The rest of this article is only available to active members of Questia

Sign up now for a free, 1-day trial and receive full access to:

  • Questia's entire collection
  • Automatic bibliography creation
  • More helpful research tools like notes, citations, and highlights
  • Ad-free environment

Already a member? Log in now.

Notes for this article

Add a new note
If you are trying to select text to create highlights or citations, remember that you must now click or tap on the first word, and then click or tap on the last word.
One moment ...
Default project is now your active project.
Project items

Items saved from this article

This article has been saved
Highlights (0)
Some of your highlights are legacy items.

Highlights saved before July 30, 2012 will not be displayed on their respective source pages.

You can easily re-create the highlights by opening the book page or article, selecting the text, and clicking “Highlight.”

Citations (0)
Some of your citations are legacy items.

Any citation created before July 30, 2012 will labeled as a “Cited page.” New citations will be saved as cited passages, pages or articles.

We also added the ability to view new citations from your projects or the book or article where you created them.

Notes (0)
Bookmarks (0)

You have no saved items from this article

Project items include:
  • Saved book/article
  • Highlights
  • Quotes/citations
  • Notes
  • Bookmarks
Notes
Cite this article

Cited article

Style
Citations are available only to our active members.
Sign up now to cite pages or passages in MLA, APA and Chicago citation styles.

(Einhorn, 1992, p. 25)

(Einhorn 25)

1

1. Lois J. Einhorn, Abraham Lincoln, the Orator: Penetrating the Lincoln Legend (Westport, CT: Greenwood Press, 1992), 25, http://www.questia.com/read/27419298.

Cited article

Hollywood's West: The American Frontier in Film, Television, & History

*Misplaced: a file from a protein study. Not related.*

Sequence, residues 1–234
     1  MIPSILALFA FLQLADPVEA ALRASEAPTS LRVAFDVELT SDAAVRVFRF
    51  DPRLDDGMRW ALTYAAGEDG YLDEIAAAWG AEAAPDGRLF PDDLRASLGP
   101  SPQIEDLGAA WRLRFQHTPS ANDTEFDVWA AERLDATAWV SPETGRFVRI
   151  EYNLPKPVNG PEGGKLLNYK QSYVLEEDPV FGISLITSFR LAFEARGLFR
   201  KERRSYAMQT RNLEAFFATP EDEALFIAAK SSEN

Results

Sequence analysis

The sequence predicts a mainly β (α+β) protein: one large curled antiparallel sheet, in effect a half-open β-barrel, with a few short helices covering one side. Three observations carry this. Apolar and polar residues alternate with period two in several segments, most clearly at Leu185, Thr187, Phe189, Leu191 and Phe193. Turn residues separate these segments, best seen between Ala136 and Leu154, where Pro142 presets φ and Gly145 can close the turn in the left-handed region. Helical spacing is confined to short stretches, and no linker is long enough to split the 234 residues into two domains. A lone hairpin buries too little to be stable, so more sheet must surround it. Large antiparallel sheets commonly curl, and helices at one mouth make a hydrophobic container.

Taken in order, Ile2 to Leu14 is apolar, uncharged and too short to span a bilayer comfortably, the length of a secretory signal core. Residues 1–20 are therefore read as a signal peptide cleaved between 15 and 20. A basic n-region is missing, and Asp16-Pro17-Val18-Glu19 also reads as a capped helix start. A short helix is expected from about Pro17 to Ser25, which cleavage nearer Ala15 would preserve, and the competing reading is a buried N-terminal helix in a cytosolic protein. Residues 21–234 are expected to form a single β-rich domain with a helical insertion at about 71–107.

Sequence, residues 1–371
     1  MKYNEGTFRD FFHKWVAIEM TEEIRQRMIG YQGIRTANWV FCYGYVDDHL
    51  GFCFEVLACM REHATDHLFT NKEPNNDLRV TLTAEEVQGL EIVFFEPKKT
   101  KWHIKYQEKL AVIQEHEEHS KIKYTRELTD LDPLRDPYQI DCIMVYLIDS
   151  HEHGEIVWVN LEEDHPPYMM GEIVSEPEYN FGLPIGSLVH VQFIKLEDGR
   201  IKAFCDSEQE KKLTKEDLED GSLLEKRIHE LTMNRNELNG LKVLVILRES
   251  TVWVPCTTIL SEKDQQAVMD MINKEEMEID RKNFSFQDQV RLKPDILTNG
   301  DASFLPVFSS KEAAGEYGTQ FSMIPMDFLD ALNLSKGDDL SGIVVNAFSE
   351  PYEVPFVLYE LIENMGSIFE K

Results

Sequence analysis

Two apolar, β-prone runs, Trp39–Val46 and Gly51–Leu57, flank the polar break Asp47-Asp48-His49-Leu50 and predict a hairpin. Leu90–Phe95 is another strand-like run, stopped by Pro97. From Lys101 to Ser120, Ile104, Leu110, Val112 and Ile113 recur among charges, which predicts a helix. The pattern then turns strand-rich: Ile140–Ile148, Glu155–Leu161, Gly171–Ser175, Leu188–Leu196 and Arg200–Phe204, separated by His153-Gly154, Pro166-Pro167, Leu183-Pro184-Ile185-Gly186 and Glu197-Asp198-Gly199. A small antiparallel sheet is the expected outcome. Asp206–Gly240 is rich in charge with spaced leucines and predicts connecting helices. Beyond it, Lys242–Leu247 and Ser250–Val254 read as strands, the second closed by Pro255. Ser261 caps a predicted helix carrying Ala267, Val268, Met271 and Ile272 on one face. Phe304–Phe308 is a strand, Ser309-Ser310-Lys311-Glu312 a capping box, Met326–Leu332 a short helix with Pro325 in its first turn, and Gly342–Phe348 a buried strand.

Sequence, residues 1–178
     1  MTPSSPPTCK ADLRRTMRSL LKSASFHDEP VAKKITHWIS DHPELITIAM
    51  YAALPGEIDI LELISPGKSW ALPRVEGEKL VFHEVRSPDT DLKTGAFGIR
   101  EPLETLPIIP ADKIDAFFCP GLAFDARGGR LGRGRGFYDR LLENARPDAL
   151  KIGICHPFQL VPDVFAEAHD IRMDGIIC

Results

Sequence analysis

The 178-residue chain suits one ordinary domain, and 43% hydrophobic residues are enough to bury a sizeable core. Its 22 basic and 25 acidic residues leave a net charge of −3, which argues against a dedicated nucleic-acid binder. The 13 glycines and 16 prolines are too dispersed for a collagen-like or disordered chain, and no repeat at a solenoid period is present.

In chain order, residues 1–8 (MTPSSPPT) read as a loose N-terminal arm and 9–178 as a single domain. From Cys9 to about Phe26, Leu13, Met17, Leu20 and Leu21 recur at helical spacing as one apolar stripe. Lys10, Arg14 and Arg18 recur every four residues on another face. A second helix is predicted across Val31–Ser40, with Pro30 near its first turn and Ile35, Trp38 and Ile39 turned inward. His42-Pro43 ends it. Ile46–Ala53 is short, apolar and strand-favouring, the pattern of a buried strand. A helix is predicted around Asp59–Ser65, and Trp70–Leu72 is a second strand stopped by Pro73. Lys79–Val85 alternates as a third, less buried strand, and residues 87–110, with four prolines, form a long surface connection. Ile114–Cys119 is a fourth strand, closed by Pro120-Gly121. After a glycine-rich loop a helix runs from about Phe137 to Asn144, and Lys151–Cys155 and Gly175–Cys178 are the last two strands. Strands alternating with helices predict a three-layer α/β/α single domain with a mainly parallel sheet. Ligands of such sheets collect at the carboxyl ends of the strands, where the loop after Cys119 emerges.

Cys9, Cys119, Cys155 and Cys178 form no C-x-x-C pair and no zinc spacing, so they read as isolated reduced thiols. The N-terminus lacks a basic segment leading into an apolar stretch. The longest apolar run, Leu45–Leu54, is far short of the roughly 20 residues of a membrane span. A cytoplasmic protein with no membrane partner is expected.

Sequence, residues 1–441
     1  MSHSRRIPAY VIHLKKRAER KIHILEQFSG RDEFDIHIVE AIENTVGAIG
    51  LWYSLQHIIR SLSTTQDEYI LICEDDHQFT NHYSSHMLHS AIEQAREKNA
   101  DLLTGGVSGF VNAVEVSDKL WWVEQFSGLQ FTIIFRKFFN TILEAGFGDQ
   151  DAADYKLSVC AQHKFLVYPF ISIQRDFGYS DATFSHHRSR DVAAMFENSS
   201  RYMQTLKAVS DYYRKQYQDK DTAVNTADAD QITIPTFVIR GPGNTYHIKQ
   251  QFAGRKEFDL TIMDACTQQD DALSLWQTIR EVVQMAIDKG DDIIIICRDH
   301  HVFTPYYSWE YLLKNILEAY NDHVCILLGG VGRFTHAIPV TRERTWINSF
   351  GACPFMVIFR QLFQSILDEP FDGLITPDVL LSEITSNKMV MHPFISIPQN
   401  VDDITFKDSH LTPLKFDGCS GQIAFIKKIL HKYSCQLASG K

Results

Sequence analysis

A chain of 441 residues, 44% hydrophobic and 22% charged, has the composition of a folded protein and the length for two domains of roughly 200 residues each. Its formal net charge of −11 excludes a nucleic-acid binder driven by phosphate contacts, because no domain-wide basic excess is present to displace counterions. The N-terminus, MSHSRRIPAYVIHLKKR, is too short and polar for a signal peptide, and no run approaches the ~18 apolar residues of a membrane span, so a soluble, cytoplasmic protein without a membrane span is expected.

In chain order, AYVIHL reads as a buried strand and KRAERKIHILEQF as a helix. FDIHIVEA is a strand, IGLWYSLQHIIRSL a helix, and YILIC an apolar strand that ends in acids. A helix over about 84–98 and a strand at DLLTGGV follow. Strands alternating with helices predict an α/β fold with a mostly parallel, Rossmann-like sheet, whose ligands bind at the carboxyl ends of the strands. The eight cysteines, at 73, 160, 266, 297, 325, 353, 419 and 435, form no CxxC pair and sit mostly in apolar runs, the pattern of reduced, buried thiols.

Settings

Settings

Typeface
Text size Smaller Larger Reset View mode
Search within

Search within this article

Look up

Look up a word

  • Dictionary
  • Thesaurus
Please submit a word or phrase above.
Print this page

Print this page

Why can't I print more than one page at a time?

Full screen

matching results for page

Cited passage

Style
Citations are available only to our active members.
Sign up now to cite pages or passages in MLA, APA and Chicago citation styles.

"Portraying himself as an honest, ordinary person helped Lincoln identify with his audiences." (Einhorn, 1992, p. 25).

"Portraying himself as an honest, ordinary person helped Lincoln identify with his audiences." (Einhorn 25)

"Portraying himself as an honest, ordinary person helped Lincoln identify with his audiences."1

1. Lois J. Einhorn, Abraham Lincoln, the Orator: Penetrating the Lincoln Legend (Westport, CT: Greenwood Press, 1992), 25, http://www.questia.com/read/27419298.

Cited passage

Thanks for trying Questia!

Please continue trying out our research tools, but please note, full functionality is available only to our active members.

Your work will be lost once you leave this Web page.

For full access in an ad-free environment, sign up now for a FREE, 1-day trial.

Already a member? Log in now.